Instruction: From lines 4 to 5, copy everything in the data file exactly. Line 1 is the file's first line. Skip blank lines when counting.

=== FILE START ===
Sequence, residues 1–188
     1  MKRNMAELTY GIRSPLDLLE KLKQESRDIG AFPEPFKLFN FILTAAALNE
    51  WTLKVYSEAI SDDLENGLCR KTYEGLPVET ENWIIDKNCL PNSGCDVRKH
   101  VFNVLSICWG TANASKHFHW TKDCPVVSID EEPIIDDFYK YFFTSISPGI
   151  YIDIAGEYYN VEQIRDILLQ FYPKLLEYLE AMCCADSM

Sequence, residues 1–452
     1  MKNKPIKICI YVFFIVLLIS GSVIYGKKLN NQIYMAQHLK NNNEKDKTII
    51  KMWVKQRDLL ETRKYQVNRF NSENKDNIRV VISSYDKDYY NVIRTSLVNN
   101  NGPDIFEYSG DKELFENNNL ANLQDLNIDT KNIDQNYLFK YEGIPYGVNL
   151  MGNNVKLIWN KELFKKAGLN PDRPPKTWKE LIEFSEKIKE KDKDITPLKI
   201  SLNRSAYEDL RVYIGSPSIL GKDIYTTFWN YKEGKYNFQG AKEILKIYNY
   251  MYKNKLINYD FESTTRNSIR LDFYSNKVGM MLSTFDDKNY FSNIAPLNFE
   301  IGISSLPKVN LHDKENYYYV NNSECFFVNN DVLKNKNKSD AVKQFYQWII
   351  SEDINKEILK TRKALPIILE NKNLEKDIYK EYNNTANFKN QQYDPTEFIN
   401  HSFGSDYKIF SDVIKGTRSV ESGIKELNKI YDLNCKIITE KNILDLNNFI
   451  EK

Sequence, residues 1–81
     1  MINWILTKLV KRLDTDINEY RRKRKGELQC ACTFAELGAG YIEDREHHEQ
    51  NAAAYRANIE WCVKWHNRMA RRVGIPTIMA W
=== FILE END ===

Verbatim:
   101  VFNVLSICWG TANASKHFHW TKDCPVVSID EEPIIDDFYK YFFTSISPGI
   151  YIDIAGEYYN VEQIRDILLQ FYPKLLEYLE AMCCADSM